On the following day, the boys were examined in a Braidwood court and dismissed as being not guilty of intent to do injury. Ed Conley, editor of the Advocate was outraged. He wrote, "To say the least of the matter, it looks like an act of fool hardy, criminal carelessness, known in lay as malicious mischief. If they were sober, then so much the worse for them. No one doubts that the young men were innocent of intent to shoot anybody, though it is difficult to couple their conduct with that idea."

Braidwood was also full of transients, tramps, and thieves mainly due to the influx of coal miners, who usually only stayed a few years, and the railroad. It was reported in the paper, that the Braidwood marshal would make regular sweeps of the empty railcars to find the many homeless who were sheltered there. The citizens of the town locked their doors at night, and were constantly fearful of being robbed.

Women went indoors when the sun went down, and doors were locked and bolted. If you were leaving town, you did not tell anyone, because chances were that you would return home to find your valuables missing. On Sunday, November 19, 1878 this atmosphere of fear lead to the accidental shooting of the town marshal.

The editor of the Wilmington Advocate was not one to repeat baseless rumor, and so when it was learned that Father McGuire, pastor of the Catholic Church at Braidwood had shot the town marshal, Patrick Muldowney, he tried to get just the facts. He found that the editors of the Braidwood papers were having a field day, printing every rumor they heard, including one that held there was a romantic triangle involving the priest, his housekeeper, and the marshal. Being above that, he printed an account of the article printed orginally in the Chicago Times. The following is that account.

"Father McGuire was quite ill and indisposed on Sunday last-so much so that no high mass was celebrated; that his sexton and usher, Muldowney, spent the day with him from 11 a.m. to 6 p.m. Muldowney then went away, presumably home, and Father McGuire went upstairs and retired. Between 8 and 9 p.m. Muldowney returned, unexpected by the priest, and Mr. Muldowney took it upon himself to lock the door leading to the housekeeper's apartment and put out the lights-a strange proceeding to say the least.

The noise made by Muldowney awakened the priest, who found himself in darkness and imagined the time to be near midnight. With his fears wrought up somewhat, he grasped a revolver and approaced his bedroom door, and in a distinct voice asked, 'Who is there?' No reply was given; yet approaching footsteps were heard on the dark stairway, when the affrightened priest said: 'If you are a friend of mine, give your name or I'll shoot you!' no reply coming, he fired.

At the instant of the first shot Muldowney had reached the top of the stairs; Muldowney then rushed to the bedroom door, 20 feet distant from the landing, and during the rush, three more shots were fired before Muldowney made himself known. 'Father, you've shot me-you've killed me,' he exclaimed.

"Oh my God, Pat, have I killed my best friend?" replied the priest.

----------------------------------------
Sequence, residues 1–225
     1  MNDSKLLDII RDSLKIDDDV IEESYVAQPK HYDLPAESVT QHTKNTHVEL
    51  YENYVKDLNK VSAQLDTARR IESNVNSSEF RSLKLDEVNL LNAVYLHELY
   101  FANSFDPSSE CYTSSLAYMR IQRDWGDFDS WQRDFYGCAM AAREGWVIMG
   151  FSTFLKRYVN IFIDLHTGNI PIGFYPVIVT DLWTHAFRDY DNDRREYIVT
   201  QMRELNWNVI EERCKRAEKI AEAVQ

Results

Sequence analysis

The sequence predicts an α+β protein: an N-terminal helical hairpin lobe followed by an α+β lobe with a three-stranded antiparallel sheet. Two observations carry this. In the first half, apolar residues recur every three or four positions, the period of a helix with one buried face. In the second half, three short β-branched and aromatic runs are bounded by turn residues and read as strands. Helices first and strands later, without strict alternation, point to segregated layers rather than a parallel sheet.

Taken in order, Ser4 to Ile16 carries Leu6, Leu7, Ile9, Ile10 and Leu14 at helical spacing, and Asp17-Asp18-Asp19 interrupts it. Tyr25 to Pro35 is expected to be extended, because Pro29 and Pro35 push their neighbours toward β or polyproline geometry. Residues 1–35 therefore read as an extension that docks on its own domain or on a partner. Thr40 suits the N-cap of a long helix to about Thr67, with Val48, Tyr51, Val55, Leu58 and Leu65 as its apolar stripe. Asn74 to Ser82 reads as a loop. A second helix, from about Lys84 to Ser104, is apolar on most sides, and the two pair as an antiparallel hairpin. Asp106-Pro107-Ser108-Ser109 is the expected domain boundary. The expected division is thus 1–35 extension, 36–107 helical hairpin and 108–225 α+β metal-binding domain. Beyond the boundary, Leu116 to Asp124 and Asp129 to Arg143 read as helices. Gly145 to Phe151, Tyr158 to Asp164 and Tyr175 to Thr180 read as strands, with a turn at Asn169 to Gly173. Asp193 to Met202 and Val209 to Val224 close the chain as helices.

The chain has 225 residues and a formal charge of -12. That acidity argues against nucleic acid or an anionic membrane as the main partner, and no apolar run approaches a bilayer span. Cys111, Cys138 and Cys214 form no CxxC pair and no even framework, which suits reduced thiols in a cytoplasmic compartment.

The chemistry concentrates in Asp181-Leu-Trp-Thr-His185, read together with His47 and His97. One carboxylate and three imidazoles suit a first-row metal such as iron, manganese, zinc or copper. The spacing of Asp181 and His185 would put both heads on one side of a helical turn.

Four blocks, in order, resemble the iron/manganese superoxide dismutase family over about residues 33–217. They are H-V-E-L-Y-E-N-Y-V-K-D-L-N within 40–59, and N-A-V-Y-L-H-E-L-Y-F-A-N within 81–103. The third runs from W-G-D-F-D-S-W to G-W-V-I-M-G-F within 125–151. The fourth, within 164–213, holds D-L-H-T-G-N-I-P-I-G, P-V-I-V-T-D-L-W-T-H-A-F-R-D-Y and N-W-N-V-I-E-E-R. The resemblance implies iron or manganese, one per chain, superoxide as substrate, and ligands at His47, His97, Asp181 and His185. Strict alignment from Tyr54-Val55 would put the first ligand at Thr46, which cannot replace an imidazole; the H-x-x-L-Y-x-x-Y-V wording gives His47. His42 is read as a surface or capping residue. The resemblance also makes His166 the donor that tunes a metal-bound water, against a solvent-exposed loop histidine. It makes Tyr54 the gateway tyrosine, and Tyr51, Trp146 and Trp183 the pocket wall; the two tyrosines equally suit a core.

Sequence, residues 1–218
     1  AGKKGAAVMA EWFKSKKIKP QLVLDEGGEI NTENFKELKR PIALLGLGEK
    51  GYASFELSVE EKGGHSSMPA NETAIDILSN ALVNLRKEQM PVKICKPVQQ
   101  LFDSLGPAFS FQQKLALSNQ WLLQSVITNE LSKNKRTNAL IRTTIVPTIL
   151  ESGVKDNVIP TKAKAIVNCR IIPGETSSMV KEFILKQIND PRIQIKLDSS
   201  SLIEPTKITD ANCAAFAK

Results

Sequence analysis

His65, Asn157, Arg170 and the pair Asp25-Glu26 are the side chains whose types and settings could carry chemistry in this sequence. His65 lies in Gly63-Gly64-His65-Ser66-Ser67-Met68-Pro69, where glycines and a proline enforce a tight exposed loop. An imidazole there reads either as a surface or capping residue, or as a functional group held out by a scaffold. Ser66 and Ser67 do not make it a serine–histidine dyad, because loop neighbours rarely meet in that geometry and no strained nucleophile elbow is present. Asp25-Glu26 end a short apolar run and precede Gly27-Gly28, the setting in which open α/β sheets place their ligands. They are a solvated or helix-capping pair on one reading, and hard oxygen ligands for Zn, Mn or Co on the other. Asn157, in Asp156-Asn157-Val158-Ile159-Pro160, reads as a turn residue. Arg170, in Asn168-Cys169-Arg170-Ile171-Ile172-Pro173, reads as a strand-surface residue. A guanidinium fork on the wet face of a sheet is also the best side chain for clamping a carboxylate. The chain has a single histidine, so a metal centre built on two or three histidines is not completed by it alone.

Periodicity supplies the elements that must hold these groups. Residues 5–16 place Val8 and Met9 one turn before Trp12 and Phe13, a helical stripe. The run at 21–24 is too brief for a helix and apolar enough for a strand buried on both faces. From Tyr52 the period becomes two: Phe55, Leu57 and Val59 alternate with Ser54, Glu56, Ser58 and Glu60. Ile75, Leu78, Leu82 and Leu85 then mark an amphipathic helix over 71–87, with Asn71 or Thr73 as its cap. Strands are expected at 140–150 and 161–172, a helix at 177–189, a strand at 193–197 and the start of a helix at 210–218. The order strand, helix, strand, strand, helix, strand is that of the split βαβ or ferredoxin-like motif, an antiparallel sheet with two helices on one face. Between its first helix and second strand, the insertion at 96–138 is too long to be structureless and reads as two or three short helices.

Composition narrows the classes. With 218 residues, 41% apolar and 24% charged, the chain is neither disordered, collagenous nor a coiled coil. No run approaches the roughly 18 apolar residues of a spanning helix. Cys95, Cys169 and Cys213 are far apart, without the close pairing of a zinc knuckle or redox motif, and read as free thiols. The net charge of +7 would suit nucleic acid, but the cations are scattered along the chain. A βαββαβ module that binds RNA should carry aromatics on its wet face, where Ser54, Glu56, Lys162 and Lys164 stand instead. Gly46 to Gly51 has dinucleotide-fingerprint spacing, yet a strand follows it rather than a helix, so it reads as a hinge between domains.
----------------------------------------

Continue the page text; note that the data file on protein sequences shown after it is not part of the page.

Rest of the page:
The housekeeper came immediately after the shooting and was dispatched for Dr. LeCaron who lives but a block distant. The doctor arrived almost instantly, and found the priest embracing the wounded man and giving way to excessive grief, almost approaching a state of frenzy. Upon examination it was found that two bullets out of the four had taken effect- one in the shoulder and one in the abdomen- two or three inches to the right of the navel.

Father McGuire declared his intention of at once going to Chicago and laying the case before his bishop, when his filing of bonds was suggested. A warrant was accordingly issued at the instance of Dan Lawlor and a son of the wounded man. Bail was readily furnished in the sum of $50 and Father McGuire repaired to Chicago, saw his spiritual superior, and returned with an eminent surgeon to the bedside of the wounded man. Contrary to expectation, the surgeon expressed an opinion favorable to Muldowney's recovery, although the wound in the abdomen was of a very serious character."

After printing the above description of the event, the editor of the Wilmington paper came in for some heat himself. The two Braidwood newspapers rallied against him, saying he was taking up for the priest, and wanting to know why he didn't publish the testimony of two supposed witnesses. Editor Conley replied that the two witnesses were "Orangemen; and come to think of it, one other of them was a jackass!" The Joliet News accused Conley of "attempting to aid Father McGuire and like all persons who set up a defense before accusations are made, he does injury to the cause." But editor Conley, a Civil War veteran, just said that he knew precisely what he was writing and did it in a just cause.

Unfortunately, Patrick Muldowney did not survive the week. His funeral was one of the largest ever witnessed in this area. The service was held at the Catholic Church with Rev. Hennessy of Chicago celebrating the mass. He was buried in a cemetery just south of the city. The funeral procession was huge. First came the mayor, council, and municipal officers of Braidwood, followed by the officials of the township of Reed, all wearing crepe. Then came the hearse, with pallbearers in single file on either side, and next followed by some 93 carriages and other vehicles. Mr. Muldowney left a family of six children; the youngest was only one year old, and a heart broken wife.

Father McGuire was immediately put of trial for homicide. The housekeeper testified at the trial. She was described as being unpretending, unattractive, and about 25 years of age. She gave the same account as we have printed. The dead man's son testified that his father had told him, that if he were to die he did not blame the priest, for the Father had mistook him for a tramp. He said he had not replied to the priest calling out, because he thought that Father McGuire was joking with him.